What made it even more difficult was that my co-workers were all asking me if I was running in the race and I had to keep saying no and explaining my hip injury. Since none of them are runners, this responses resulted in a lot of "so the running is finally catching up with you" and "hips are the first thing to go". Not helpful.

So on Sunday morning, I got dressed in my bathing suit and headed out the door of the hotel to the pool next door. At this point, it was 6:45am and the race started at 7:00. There were 22,000 people running this race and the start line was so long that runners were even lined up in front of my hotel. I loved the "vibe". And it felt great to be enjoying the pre-race excitement without being nervous about the race. I heard the National Anthem and a few other announcements. And then I headed into the building next door with the pool. Even the guy at the front desk asked me why I was swimming and not doing the race!

As I swam (I think pool running might be aggravating the hip, so I am sticking to swimming) I had a bit of a revelation. I thought to myself that there are 22,000 people out there doing the race. But only one person swimming in this pool. Well, actually there was one other person-- but you get the point.

One of the reasons I love marathons is the challenge. But wasn't it actually MORE of a challenge to be swimming alone in a pool when there was a super exciting race going on outside? For me, yes. And if we want to speak just physically, swimming laps is not easy.  No, I definitely was not slacking off. No, I shouldn't think I failed because I couldn't run Nike. Yes, I am doing the best I can given my circumstances. Yes, it is more of a challenge to NOT run the race than to run it. Kinda backwards thinking, but given what I know about my personality, I have to realize that I actually am challenging myself by not running. It's just a different kind of challenge. One that I actually think I need right now.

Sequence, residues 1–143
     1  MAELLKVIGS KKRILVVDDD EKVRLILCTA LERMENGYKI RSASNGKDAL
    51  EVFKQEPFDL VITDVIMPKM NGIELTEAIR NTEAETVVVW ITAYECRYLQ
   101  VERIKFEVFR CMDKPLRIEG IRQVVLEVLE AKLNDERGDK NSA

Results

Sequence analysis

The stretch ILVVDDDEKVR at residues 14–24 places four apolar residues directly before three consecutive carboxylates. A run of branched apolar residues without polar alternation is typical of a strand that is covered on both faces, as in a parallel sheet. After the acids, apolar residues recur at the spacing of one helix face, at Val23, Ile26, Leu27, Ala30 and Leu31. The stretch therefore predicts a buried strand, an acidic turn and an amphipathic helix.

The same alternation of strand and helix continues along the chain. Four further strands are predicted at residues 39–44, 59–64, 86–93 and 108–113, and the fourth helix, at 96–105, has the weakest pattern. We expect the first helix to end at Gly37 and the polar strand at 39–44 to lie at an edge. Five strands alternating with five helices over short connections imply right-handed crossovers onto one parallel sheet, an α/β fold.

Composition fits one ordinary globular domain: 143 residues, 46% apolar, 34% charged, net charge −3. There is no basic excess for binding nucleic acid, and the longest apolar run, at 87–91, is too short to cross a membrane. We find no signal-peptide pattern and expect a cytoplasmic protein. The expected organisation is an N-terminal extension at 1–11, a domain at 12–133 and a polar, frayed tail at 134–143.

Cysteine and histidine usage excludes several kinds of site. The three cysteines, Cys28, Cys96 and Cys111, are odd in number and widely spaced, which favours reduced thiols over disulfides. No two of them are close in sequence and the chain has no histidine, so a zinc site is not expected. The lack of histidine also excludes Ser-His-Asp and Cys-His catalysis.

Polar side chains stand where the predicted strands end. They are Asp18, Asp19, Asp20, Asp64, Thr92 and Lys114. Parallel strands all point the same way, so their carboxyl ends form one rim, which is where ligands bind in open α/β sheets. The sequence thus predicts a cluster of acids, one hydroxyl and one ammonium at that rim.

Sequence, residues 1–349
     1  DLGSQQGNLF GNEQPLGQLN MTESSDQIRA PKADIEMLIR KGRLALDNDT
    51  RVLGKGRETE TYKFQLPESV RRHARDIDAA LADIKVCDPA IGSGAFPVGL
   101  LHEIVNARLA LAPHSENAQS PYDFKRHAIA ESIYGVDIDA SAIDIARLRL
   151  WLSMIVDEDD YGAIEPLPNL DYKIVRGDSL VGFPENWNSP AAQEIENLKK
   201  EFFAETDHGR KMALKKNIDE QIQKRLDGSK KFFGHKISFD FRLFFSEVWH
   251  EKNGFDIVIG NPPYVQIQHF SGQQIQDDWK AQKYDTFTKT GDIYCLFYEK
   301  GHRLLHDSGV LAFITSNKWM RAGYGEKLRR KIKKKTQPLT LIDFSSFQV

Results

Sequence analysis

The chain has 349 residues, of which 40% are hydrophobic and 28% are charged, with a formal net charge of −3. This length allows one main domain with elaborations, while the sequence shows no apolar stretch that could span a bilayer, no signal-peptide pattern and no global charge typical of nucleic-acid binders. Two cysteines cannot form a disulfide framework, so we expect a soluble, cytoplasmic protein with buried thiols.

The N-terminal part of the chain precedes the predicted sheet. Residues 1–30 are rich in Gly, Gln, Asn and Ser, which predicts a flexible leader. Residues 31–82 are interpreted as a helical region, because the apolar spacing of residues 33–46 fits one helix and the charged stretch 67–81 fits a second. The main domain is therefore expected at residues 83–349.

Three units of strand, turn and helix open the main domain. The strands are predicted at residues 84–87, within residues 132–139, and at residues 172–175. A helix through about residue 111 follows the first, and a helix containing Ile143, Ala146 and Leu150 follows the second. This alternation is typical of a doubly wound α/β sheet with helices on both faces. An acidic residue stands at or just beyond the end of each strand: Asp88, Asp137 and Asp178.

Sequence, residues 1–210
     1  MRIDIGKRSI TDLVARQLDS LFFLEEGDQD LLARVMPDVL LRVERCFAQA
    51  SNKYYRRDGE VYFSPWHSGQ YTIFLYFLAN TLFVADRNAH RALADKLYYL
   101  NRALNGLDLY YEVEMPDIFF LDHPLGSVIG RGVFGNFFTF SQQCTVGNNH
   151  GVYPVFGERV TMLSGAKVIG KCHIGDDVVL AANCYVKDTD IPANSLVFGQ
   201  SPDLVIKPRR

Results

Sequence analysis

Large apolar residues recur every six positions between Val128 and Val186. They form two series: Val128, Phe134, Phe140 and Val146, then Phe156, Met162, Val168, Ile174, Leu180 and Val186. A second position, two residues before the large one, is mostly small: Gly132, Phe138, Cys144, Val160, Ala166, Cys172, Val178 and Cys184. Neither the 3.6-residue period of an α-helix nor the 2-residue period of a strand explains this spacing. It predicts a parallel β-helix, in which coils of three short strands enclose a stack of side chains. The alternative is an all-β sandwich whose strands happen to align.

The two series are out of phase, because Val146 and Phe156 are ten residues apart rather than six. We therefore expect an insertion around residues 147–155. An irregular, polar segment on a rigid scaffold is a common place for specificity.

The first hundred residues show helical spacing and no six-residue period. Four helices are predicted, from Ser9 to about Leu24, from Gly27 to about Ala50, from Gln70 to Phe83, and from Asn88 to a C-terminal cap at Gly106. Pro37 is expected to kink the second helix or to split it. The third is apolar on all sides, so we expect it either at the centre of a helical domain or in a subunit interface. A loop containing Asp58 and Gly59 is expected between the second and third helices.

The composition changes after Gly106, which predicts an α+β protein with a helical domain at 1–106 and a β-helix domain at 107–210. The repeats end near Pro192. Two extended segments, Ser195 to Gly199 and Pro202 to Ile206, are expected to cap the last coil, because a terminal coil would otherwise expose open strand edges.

Yes, I will lose a lot of the fitness I built up over the summer. I simply need to accept that and be okay with that. It's not the end of the world! We can't always be at peak fitness all the time.

I don't know when I will attempt to run again or even pool run. My hip has actually never hurt that much, but it's one of those things you can just "feel". I've already taken a full week off of land running so hopefully it shouldn't be too much longer. But once again, the uncertainty and the lack of control is something I need to learn to just accept. Right now I am focusing on the bigger picture of my attitude, so my actual fitness level is taking the back burner.

Since I do acknowledge that I am losing some fitness, this provides me with another opportunity to race without any expectations. Once my hip is fully recovered and I think I am ready to race at full effort, I will honestly have no idea what to expect, so I'll get to just run by feel without being a slave to the Garmin.

Even though I never want to compete in a triathlon, it's nice that my swimming is getting stronger. I swam a full mile yesterday (all freestyle) and only stopped twice for water. I'm not trying to be fast with my swimming, I just want to be able to swim for a decent amount of time to keep my cardiovascular fitness up and maybe get some upper body strength.

I'm actually headed out for a swim now, and then I will be focusing on the conference all day. Hopefully the event goes smoothly and I continue to be positive about this challenge to re-frame my mindset.


  1. Oooh friend. I'm glad you are swimming, I'm glad you are working on the things that are holding you back, but I know it's hard. Hope to see you back out there soon!